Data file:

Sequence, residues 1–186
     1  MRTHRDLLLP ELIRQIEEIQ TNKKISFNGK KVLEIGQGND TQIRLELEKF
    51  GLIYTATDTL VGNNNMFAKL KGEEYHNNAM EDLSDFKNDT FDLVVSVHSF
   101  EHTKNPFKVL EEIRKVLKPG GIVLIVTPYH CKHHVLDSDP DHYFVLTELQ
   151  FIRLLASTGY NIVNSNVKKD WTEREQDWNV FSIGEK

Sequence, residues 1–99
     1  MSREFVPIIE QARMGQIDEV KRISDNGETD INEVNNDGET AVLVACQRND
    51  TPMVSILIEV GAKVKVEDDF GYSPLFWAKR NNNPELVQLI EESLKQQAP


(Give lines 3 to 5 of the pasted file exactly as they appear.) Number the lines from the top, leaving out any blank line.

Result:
    51  GLIYTATDTL VGNNNMFAKL KGEEYHNNAM EDLSDFKNDT FDLVVSVHSF
   101  EHTKNPFKVL EEIRKVLKPG GIVLIVTPYH CKHHVLDSDP DHYFVLTELQ
   151  FIRLLASTGY NIVNSNVKKD WTEREQDWNV FSIGEK